Hiding in plain sight.

Well ladies, summer is coming to an end and we’ll admit that we might have taken the last couple months off to relax and enjoy summer sunshine. Who are we kidding? We were head down feverishly planning our next amazing event. Wait for it... wait...for...it.....


That's right ladies. The WTF event series is going global and will be hosting our first international event at Capacity Europe in October. Details and a save the date is coming soon so stay tuned and tell your friends. We would be remiss to not mention what we're doing in the 2+ months leading up to our next event so it’s time to get back into the swing of things and launch a new blog series.

Our ITW event was successful in so many ways but one of the biggest highlights came from our panel. We had four amazing and inspiring women talking about their observations as women in our industry and we were so moved that we wanted to share this with the rest of our community. Today marks the start of a series of blogs highlighting some of our favorite takeaways and ah-ha moments and we hope to continue to share stories like this moving forward. One of the best things about this community is that each of us has something to contribute to help each other grow. That’s why we wanted to share some of this with you.  So with that here is the first of our 3-part ITW Takeaways Series!

We asked our panelists about their personal experience with being a woman in our industry and posed the following question:

What has your experience been with gender diversity in technology over the course of your career?

When we were planning the panel a lot of us figured it would lead to a discussion about gender disparity in tech and then evolve into a discussion about what we could do to solve it, but instead we were surprised with how the conversation evolved. No one threw out the infamous percentages that we all see in articles blasting tech companies for not being female friendly. Instead the conversation shifted inward.

Suddenly gender diversity became about how we identify externally and how this has evolved over time. Some had felt the pressure early on in their careers to not look “too feminine” in order to be taken seriously, while others felt more confident in not hiding their femininity from their male colleagues.

“I felt like I needed to assimilate to really fit in. I cut my hair, wore male boxy suits and cufflinks, and looked 10 years older than I look today. I generally tried to do everything I could to be taken seriously and not for my looks but for my mind.”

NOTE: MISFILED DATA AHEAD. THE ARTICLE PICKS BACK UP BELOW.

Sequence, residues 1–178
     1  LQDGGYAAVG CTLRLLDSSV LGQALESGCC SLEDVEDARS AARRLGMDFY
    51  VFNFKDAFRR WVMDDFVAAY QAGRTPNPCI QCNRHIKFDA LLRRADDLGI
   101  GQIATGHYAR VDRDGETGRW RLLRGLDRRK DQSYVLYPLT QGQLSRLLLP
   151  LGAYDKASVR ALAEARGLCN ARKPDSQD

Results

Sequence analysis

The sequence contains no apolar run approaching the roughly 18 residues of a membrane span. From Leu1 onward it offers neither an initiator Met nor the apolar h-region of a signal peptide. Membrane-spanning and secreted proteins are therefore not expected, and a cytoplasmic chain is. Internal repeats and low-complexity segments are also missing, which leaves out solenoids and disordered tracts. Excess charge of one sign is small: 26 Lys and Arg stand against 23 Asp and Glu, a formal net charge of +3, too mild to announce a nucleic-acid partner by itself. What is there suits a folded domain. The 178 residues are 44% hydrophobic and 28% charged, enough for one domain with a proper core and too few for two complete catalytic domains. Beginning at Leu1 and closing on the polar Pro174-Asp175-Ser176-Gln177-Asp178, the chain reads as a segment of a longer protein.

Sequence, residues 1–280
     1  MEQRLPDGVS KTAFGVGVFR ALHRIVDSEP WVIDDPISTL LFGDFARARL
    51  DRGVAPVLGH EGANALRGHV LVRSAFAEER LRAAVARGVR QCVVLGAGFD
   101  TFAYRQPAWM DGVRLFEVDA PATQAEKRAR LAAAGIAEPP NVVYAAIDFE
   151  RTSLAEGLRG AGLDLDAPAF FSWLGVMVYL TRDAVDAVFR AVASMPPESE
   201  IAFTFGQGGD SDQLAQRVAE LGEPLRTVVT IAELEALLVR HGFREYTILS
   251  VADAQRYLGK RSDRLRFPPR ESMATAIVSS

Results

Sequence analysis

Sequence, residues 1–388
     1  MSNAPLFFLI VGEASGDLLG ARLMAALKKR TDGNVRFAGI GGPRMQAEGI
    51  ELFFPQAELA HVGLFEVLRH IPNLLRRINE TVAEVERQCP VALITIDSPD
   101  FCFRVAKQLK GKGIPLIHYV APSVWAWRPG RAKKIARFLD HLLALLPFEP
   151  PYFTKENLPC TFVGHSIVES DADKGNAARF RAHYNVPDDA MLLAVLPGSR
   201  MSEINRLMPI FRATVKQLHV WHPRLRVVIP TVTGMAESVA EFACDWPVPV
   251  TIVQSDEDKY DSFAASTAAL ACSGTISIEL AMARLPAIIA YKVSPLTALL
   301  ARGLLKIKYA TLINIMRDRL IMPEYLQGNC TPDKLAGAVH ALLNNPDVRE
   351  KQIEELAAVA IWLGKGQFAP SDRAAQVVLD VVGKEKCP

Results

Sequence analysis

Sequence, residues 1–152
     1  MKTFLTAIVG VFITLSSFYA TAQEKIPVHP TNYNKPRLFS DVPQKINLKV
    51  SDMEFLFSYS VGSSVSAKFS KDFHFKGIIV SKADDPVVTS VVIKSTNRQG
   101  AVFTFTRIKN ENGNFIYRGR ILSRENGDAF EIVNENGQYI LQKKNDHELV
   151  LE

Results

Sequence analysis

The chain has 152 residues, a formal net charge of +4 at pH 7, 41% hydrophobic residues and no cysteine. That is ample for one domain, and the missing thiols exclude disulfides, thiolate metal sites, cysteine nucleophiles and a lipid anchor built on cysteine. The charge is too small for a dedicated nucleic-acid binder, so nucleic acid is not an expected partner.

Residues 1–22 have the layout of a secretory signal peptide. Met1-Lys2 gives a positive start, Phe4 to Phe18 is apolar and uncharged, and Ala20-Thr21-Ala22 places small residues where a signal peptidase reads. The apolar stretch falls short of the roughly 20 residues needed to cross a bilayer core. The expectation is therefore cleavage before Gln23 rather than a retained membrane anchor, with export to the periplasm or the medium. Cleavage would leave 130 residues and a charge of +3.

— Amber Caramella, Senior Vice President

It was refreshing to hear varying perspectives since it’s something we all probably think about - whether consciously or subconsciously - at work. How we present ourselves to the world undoubtedly impacts our confidence. How many of us are familiar with the terms "fake it until you make it" or "dress for the job you want, not the job you have". These sayings exist for a reason and for a lot of us we took it to heart and dressed the part. Or at least that's what we thought... 

“I refused to dress like a man, act like a man, and as a matter of fact I would polish my nails and wear perfume and climb down in a manhole to dig up the splice pits. I just didn’t understand why the male dominated world didn’t believe that women couldn’t do the same job. I never expected the man to do the job for me. That was my early early days and that permeated throughout my entire career. I’m confident,  I show that I’m confident in the work that I do and I’m able to do the same work that men do.”
— Kris Bennett, Senior Strategic Negotiator

What moved us about the experience was each of us came into our industry at different times and had different strategies that lead to our success. Many of us were surprised to hear the exact opposite about what we assumed to be the truth. Some called it assimilation for fear of judgement or being held back, others called it doing what needed to be done to get to where they are today, and others simply called it being themselves. Whether we like it or not, we acknowledged that gender does play a role in how we see ourselves in the workplace and in our industry. Read What a Woman Sees if you are looking for a good way to add a little levity to this topic.

Be that as it may, it’s our capabilities that keep us here and it's our community that keeps us moving closer to our authentic selves.

Brynn + Nadia